Using green logos is no longer enough to convince consumers. The green or sustainable transition, which includes environmental and social issues, has made its way into many areas of the economy (such as energy, transport, fashion and clothing, and food processing).
How can digital professionals help brands design websites and applications that are more ethical and thereby enable them to meet this growing demand from consumers?
While ethical project aims and inclusive design are part of ethical design, an ethical approach can above all be adopted through the practice of ethical design itself, which is more respectful of both people and their environment. The following three guidelines can help with this practice: transparency, attentional design, and sustainable design.
In ethical design, messages communicated to users must have no ambiguity in terms of the underlying motivations or veracity of information. Objects in the interface (such as action buttons and progress bars) and their names are there to help users make choices and anticipate the result of their actions.
Among the abuses, greenwashing is very common. Certain companies give themselves an ethical veneer with dashes of Pantone green and flattering descriptions of their latest sustainable development or ethical trade actions, which are sometimes factually dubious. If major actions have been carried out, communications surrounding them are more striking and convincing when they include sources that enable users to verify the guarantees given themselves. In the clothing sector (one of the industries that generates the most pollution and shows least concern about working conditions), even major “fast fashion” companies are developing environmentally responsible collections and drawing attention to codes of conduct governing the selection and auditing of subcontractors on their websites. A reflection of progress made, the application ‘Good on You ‘ rates fashion brands based on their respect for three criteria: working conditions, environmental responsibility and animal well-being (People, Planet and Animals).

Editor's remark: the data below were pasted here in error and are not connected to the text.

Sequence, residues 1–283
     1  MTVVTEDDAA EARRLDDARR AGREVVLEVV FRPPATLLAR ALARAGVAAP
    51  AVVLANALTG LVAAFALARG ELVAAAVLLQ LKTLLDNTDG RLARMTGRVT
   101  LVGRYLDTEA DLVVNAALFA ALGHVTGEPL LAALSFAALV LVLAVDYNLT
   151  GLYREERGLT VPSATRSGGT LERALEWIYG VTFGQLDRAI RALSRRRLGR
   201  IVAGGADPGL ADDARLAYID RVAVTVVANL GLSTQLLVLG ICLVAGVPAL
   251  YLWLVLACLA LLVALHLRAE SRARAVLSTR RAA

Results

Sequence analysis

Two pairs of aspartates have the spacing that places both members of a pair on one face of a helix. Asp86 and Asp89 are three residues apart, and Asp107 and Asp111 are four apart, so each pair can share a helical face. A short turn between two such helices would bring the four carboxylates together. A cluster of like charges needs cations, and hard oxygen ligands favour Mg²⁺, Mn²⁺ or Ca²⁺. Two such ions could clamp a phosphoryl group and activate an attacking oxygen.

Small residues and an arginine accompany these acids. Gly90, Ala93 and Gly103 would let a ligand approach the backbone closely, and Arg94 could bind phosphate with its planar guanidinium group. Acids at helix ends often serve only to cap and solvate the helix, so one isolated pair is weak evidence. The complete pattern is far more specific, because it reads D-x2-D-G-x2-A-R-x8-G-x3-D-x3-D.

While the issue of tick boxes that are selected by default, and to the detriment of users’ wallets, has been addressed by legislation, we are still not safe from “dark patterns”. Certain designers skilfully use the laws of perception to achieve their decidedly unethical aims. If you have ever battled to close an advertising pop-up, desperately searched for a customer service number, or been put off by a barely legible font, then you have been the victim of a dark pattern! This is the total opposite of ethical and transparent design.
Natural resources are limited and so are our “attentional resources”.
All UX designers look to minimise end users’ cognitive load in order to make things easier for them. With attentional design, the aim is to go even further, as users operate in a space that is saturated with information and where they are bombarded with notifications. We can save their attention by offering the following:
- The appropriate service;
- The right information at the right place and at the right time, or information that is provided gradually and at the user’s initiative;
- Help with disconnecting;
- The statuses “occupied” or “incognito” on social networks.
Some designers have, for example, come up with seven functions that would make Facebook more ethical. The ideas proposed include: “time spent” indicators; grouping, filtering and temporary muting of notifications; inclusion of availability statuses in instant messaging.
Lastly, graphics design obviously has a role to play in creating clear and uncluttered interfaces, by adopting a flat or minimalist approach.
The minimalist approach also has the virtue of being in phase with sustainable design.
A sustainable design, in the environmental sense, seeks to optimise resource use, in particular energy. A well-referenced website (avoiding the need to scour the Internet and use up server resources to find it), with an intelligent architecture (making it easy and quick to access information), is a first step towards sustainable design. UX and UI professionals should also make pages lighter by providing only the necessary content and optimising images and photos.
The mobile first approach can, therefore, serve sustainable design.
Just as designers can provide websites with content that adapts to the various devices used, beginning with mobiles, they can design pages with light and dark backgrounds (dark mode) and make it easy for users to choose between them. Dark mode (which is making a comeback in current design trends) should be used in order to alleviate eye fatigue when ambient lighting is low and to reduce battery usage.
When these good design practices are applied by UX and UI professionals, it is then up to the development teams to continue the sustainable design effort by producing “clean” code and fast-loading websites. Lastly, choosing a website hosting provider that runs its servers on green energy is another positive action for the planet.
First published by SQLI.